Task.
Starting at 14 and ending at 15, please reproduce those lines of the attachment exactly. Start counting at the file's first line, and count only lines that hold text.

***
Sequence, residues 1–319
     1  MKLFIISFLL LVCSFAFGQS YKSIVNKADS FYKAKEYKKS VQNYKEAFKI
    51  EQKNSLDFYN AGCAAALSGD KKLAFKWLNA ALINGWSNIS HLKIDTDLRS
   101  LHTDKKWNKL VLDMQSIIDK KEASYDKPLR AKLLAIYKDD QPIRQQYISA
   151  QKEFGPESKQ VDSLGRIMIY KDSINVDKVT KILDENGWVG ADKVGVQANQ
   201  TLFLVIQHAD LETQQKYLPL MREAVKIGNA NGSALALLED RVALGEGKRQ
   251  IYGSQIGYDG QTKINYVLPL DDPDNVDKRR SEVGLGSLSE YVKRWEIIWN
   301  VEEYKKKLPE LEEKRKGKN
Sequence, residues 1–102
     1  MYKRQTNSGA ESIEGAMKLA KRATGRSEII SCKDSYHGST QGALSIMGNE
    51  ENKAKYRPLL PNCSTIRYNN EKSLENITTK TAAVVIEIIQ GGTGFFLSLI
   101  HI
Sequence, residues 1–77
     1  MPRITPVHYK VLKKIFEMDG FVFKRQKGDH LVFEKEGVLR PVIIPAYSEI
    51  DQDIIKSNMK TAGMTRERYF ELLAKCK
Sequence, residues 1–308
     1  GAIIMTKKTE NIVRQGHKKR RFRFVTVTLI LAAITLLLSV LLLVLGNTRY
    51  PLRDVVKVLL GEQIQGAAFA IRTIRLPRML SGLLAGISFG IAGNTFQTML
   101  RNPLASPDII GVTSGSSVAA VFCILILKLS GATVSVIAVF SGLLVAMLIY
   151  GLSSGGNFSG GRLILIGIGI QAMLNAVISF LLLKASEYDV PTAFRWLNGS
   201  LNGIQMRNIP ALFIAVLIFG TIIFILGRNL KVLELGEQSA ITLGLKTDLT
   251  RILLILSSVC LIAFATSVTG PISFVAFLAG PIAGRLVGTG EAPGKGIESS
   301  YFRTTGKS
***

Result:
     1  MPRITPVHYK VLKKIFEMDG FVFKRQKGDH LVFEKEGVLR PVIIPAYSEI
    51  DQDIIKSNMK TAGMTRERYF ELLAKCK